Haine stops play - Celebrities in the commentary box
11 Dec 2009 - 09:44:24
Cricket.co.uk's bold new signing, Will Haine, begins his weekly residency with comment on the increasing trend to feature celebrities in the commentary box.
Earlier this week I was watching some of the highlights from the second Test between Australia and the West Indies and was being treated to the aural delights of the pairing of Richie Benaud and Mark Nicholas in the commentary box.
The combination of their luscious, velvety-smooth voices was enough to make my ears melt. Then suddenly my tranquillity was abated when the rough New South Wales accent of Mark Taylor interrupted proceedings.
It was like seeing a pair of lovely breasts, only to find a hairy, bulbous wart between them.
Anyway, I digress. After my initial disgust at hearing Taylor, my feelings then turned to surprise that there were in fact three commentators on the air at one time. In theory there is absolutely nothing wrong with this idea. It actually gave me an idea of my own.
Keeping with the format of three people analysing a match at the same time, I would suggest that two of them would be your regular commentators but, here's the twist, throw a celebrity in there to spice it up a bit.
I know that TMS and Sky Sports have had Lily Allen, Russell Crowe and Stephen Fry doing various bits for them in the past, but they don't interest me because they actually know about cricket.
No, we can't have people with a knowledge of the game. Celebrities who have zero interest in cricket would be much more entertaining.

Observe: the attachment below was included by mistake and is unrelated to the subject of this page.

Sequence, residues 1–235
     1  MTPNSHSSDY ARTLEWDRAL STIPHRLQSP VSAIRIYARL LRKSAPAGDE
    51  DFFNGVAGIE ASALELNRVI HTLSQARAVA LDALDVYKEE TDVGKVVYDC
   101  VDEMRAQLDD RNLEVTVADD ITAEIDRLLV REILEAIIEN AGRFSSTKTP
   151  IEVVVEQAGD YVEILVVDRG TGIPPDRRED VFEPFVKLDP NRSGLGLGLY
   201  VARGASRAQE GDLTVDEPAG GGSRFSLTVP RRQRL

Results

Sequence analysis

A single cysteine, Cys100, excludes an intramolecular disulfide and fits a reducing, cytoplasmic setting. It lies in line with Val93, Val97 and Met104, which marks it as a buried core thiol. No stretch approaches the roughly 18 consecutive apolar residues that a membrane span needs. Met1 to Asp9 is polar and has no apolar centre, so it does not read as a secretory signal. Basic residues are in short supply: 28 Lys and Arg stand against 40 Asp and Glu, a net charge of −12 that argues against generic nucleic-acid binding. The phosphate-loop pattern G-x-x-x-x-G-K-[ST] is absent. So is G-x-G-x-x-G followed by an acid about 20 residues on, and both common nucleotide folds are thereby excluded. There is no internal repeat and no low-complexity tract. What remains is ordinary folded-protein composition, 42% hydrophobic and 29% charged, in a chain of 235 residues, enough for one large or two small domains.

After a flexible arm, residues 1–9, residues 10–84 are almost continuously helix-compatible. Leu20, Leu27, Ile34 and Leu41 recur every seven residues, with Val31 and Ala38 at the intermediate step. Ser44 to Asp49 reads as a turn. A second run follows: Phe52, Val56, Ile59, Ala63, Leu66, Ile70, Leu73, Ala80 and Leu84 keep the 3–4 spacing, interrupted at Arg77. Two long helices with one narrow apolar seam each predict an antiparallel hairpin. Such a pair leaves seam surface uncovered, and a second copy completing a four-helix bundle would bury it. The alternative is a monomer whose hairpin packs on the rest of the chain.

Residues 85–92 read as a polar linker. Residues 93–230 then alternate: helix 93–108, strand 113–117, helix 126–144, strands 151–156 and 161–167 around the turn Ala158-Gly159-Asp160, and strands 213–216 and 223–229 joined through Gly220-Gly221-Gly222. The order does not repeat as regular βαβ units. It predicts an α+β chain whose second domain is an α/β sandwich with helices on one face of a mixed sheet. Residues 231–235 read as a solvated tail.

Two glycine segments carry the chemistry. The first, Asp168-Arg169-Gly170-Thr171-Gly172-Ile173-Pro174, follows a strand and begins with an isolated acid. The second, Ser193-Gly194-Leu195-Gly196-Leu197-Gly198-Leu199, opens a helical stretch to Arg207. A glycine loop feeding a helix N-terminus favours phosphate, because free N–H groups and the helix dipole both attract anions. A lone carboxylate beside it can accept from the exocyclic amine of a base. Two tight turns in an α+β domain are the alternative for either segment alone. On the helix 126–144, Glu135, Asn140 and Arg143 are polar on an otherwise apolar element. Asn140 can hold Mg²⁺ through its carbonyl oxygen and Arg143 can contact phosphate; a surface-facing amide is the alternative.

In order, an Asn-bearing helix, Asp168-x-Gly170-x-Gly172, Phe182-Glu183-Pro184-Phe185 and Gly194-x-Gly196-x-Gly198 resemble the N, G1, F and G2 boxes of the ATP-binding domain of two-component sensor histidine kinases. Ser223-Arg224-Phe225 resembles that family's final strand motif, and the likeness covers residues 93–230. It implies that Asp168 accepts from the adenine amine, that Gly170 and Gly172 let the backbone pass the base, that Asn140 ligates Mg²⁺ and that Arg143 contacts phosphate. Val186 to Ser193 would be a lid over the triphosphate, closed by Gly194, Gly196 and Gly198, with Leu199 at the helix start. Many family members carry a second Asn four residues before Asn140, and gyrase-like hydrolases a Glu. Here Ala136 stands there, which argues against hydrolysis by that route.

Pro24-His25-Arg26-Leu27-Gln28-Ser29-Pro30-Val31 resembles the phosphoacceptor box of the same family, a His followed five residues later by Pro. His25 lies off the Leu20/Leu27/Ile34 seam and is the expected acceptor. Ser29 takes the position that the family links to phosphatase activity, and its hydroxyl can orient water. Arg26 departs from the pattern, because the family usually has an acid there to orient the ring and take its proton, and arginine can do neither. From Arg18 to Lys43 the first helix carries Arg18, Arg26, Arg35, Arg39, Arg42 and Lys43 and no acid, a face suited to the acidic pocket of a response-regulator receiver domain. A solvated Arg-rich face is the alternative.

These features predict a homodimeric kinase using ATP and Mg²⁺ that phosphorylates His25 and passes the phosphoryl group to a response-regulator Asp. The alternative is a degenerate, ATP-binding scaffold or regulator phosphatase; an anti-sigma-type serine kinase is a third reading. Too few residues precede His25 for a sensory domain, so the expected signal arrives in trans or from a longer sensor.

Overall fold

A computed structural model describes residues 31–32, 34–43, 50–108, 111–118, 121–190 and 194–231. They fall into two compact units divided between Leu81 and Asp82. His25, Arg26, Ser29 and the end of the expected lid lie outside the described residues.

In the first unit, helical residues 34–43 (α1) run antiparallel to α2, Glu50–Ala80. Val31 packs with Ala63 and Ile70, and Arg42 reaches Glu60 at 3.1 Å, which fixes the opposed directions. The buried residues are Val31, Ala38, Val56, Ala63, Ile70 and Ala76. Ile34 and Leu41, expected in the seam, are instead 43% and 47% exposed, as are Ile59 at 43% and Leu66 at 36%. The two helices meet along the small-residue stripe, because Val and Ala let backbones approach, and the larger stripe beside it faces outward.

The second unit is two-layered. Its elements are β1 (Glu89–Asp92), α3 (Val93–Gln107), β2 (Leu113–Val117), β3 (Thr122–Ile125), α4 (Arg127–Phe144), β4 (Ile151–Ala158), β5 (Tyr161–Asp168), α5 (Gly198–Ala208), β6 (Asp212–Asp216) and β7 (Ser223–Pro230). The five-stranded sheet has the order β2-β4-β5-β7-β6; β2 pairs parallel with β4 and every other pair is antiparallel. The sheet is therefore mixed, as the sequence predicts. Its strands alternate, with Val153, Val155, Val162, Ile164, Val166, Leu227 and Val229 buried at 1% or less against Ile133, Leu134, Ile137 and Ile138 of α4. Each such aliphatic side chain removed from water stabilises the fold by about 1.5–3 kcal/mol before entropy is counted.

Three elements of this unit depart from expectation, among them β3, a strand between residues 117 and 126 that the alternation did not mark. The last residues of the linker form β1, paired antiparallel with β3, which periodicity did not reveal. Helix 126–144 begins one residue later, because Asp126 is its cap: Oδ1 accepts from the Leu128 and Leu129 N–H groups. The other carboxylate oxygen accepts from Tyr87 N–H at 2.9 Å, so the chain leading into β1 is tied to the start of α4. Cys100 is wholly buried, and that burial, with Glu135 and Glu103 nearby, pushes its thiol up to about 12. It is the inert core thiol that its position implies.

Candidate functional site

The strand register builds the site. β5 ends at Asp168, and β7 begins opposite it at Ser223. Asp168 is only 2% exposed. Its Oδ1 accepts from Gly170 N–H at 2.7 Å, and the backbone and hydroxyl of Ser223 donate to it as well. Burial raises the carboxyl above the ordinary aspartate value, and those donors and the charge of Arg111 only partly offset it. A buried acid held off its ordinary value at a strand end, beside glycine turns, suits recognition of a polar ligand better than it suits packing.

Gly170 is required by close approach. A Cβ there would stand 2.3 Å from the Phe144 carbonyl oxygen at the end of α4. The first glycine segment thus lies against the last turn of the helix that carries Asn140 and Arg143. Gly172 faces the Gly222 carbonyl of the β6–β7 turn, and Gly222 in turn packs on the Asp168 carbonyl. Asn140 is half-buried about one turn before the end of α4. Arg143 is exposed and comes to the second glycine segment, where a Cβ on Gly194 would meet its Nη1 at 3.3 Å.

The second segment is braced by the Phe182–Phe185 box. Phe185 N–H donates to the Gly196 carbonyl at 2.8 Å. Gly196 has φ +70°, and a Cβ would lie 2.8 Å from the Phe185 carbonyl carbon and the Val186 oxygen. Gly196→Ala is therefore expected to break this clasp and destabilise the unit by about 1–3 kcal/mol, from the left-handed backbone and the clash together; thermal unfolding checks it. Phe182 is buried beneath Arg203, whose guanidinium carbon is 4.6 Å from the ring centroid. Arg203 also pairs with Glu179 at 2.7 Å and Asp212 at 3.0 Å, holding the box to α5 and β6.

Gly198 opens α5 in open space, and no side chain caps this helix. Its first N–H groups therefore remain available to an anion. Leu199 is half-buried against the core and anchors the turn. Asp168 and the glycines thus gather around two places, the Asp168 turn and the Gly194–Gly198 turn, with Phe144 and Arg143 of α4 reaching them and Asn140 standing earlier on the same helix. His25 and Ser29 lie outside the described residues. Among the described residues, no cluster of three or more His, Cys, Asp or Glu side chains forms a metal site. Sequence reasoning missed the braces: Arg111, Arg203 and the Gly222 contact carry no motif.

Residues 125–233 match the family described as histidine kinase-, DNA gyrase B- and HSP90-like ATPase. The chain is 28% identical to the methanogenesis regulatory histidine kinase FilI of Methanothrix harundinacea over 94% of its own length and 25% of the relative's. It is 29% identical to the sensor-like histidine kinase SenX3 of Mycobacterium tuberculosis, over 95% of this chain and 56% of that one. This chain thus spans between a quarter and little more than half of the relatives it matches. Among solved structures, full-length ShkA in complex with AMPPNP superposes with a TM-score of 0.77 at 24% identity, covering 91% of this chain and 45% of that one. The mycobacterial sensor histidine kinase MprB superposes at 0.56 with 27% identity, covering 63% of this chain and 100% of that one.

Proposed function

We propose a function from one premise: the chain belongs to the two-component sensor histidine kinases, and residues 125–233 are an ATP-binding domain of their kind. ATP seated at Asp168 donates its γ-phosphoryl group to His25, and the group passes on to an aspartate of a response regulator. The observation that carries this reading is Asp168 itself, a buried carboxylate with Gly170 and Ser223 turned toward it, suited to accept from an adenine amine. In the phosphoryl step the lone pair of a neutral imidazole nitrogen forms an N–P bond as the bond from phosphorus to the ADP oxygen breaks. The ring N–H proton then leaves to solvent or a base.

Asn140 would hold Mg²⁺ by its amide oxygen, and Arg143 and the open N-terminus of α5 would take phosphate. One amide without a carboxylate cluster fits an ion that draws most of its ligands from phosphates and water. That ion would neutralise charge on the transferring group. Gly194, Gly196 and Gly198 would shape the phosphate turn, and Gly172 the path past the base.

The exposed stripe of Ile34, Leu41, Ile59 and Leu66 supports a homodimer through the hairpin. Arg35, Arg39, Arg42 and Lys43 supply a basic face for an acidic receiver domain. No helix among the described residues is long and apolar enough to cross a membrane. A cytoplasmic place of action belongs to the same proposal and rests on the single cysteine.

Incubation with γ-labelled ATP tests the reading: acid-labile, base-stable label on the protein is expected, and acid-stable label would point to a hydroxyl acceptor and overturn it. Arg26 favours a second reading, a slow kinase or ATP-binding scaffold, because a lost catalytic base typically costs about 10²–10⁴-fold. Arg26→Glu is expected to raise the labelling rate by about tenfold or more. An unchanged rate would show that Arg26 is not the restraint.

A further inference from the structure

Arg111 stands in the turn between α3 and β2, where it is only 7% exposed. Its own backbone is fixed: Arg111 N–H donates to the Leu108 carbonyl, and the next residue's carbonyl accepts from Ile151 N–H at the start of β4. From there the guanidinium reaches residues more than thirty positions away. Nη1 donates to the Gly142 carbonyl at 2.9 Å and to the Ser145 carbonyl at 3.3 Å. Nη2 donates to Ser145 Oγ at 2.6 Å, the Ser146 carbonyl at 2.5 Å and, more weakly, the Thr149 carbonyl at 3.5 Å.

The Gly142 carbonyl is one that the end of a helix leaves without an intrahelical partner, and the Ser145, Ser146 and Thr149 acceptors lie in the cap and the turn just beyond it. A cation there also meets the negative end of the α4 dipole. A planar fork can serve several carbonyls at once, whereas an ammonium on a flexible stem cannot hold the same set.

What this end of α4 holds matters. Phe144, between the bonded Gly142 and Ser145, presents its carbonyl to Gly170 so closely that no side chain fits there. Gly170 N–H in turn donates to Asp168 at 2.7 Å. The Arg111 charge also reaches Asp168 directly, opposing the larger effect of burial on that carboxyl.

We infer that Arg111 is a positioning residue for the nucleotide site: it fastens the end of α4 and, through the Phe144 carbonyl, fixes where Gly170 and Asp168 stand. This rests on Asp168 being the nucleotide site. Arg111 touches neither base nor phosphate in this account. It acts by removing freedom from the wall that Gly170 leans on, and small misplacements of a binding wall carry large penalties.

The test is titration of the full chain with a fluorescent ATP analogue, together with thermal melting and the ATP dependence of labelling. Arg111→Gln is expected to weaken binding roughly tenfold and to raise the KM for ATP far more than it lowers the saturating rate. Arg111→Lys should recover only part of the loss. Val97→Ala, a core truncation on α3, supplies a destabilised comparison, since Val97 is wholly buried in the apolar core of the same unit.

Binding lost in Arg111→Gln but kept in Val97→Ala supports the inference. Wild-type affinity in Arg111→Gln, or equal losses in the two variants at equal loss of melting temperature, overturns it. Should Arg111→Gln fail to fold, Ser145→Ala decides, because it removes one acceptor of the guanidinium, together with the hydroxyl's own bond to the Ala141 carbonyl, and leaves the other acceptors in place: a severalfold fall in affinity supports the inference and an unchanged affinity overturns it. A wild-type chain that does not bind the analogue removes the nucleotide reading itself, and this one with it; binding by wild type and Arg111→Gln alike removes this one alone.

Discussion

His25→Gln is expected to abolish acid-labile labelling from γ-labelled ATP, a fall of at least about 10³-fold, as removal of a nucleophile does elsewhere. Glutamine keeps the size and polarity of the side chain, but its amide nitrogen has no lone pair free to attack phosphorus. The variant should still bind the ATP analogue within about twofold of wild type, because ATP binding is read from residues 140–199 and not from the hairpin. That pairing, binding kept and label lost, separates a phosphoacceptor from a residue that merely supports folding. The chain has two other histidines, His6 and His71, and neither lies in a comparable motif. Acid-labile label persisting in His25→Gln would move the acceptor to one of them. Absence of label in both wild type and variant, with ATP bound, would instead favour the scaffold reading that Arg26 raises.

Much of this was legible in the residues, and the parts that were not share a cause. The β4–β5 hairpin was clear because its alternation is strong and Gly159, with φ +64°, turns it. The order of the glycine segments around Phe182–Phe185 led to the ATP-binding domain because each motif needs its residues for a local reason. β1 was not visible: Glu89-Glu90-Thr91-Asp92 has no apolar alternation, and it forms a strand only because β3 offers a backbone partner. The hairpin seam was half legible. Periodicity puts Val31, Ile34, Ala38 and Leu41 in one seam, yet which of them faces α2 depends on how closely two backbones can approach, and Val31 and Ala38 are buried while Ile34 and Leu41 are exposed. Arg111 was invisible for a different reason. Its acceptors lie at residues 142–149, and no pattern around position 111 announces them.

Mark Nicholas: Do you think they should bring up the long-on and stick a man in at third-slip?
Louis Walsh: I literally have no idea what you're going on about.
Seeing and hearing a cricket novice steadily grasp the differing concepts and rules of the game over a five day period would be a beautiful thing. I would weep a tear of joy at the end of a Test match if Katie Price could pick a doosra or recall the batting average of Viv Richards.
It would be like a cricket version of My Fair Lady.
Or, better still, commentators could be traded for television presenters from other shows. Picture the scene where Paul O'Grady is doing the pitch report live from The Wanderers while Nasser Hussain is in the chair of O'Grady's daytime chat-show, interviewing Cilla Black.
Imagine Bruce Forsyth compering the post-match presentation at the SCG while David Lloyd rolls out the one-liners on Strictly Come Dancing. I can see it catching on.
READ HAINE STOPS PLAY EXCLUSIVELY AT CRICKET.CO.UK